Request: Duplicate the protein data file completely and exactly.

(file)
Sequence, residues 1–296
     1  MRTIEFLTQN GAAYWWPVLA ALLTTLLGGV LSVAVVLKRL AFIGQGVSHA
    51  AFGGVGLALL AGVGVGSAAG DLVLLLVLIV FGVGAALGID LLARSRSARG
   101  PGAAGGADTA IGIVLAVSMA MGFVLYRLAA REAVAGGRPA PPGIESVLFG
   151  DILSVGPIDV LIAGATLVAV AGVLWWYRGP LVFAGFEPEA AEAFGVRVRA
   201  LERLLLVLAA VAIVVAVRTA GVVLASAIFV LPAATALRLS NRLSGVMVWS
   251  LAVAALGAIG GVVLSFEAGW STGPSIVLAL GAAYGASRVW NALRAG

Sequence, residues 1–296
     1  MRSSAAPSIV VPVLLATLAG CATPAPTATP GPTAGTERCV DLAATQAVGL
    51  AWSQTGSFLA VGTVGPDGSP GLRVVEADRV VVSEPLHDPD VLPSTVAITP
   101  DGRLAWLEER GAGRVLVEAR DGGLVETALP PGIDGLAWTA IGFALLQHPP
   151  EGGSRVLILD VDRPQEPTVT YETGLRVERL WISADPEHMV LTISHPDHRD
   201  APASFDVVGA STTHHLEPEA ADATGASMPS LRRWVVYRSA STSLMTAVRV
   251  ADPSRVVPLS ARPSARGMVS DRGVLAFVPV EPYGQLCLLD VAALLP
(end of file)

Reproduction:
Sequence, residues 1–296
     1  MRTIEFLTQN GAAYWWPVLA ALLTTLLGGV LSVAVVLKRL AFIGQGVSHA
    51  AFGGVGLALL AGVGVGSAAG DLVLLLVLIV FGVGAALGID LLARSRSARG
   101  PGAAGGADTA IGIVLAVSMA MGFVLYRLAA REAVAGGRPA PPGIESVLFG
   151  DILSVGPIDV LIAGATLVAV AGVLWWYRGP LVFAGFEPEA AEAFGVRVRA
   201  LERLLLVLAA VAIVVAVRTA GVVLASAIFV LPAATALRLS NRLSGVMVWS
   251  LAVAALGAIG GVVLSFEAGW STGPSIVLAL GAAYGASRVW NALRAG

Sequence, residues 1–296
     1  MRSSAAPSIV VPVLLATLAG CATPAPTATP GPTAGTERCV DLAATQAVGL
    51  AWSQTGSFLA VGTVGPDGSP GLRVVEADRV VVSEPLHDPD VLPSTVAITP
   101  DGRLAWLEER GAGRVLVEAR DGGLVETALP PGIDGLAWTA IGFALLQHPP
   151  EGGSRVLILD VDRPQEPTVT YETGLRVERL WISADPEHMV LTISHPDHRD
   201  APASFDVVGA STTHHLEPEA ADATGASMPS LRRWVVYRSA STSLMTAVRV
   251  ADPSRVVPLS ARPSARGMVS DRGVLAFVPV EPYGQLCLLD VAALLP